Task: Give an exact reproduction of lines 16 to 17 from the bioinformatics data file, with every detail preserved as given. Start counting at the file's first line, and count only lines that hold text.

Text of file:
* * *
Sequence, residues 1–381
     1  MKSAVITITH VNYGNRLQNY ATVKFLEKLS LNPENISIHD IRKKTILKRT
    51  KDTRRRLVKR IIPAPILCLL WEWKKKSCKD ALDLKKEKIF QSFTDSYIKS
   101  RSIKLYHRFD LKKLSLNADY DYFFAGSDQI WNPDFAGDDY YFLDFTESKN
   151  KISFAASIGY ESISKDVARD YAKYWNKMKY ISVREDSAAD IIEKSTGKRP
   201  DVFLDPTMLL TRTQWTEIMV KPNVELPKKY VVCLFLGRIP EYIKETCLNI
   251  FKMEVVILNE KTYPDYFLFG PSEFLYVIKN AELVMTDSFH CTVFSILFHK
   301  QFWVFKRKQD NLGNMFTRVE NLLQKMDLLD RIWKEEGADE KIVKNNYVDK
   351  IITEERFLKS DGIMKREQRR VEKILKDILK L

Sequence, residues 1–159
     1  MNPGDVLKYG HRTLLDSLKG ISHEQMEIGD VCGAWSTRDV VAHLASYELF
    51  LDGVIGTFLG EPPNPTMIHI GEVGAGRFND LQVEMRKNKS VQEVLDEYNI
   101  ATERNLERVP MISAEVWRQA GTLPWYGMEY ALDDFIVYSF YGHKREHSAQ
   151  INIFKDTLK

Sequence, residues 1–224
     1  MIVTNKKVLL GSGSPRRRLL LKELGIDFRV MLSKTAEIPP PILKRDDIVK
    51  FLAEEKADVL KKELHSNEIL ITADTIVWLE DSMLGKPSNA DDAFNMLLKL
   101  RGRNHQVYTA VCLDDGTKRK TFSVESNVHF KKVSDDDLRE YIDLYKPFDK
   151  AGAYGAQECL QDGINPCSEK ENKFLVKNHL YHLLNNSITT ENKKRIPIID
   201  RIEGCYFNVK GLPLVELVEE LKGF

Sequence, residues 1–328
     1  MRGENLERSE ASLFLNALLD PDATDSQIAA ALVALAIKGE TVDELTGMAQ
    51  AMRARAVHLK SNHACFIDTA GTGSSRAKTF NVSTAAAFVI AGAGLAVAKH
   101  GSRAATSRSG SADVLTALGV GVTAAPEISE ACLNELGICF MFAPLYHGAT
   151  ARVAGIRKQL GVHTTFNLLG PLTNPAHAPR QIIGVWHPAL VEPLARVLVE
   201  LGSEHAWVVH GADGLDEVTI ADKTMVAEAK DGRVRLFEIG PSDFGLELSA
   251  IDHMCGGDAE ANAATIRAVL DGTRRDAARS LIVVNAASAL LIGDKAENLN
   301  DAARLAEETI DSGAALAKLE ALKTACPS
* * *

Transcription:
     1  MIVTNKKVLL GSGSPRRRLL LKELGIDFRV MLSKTAEIPP PILKRDDIVK
    51  FLAEEKADVL KKELHSNEIL ITADTIVWLE DSMLGKPSNA DDAFNMLLKL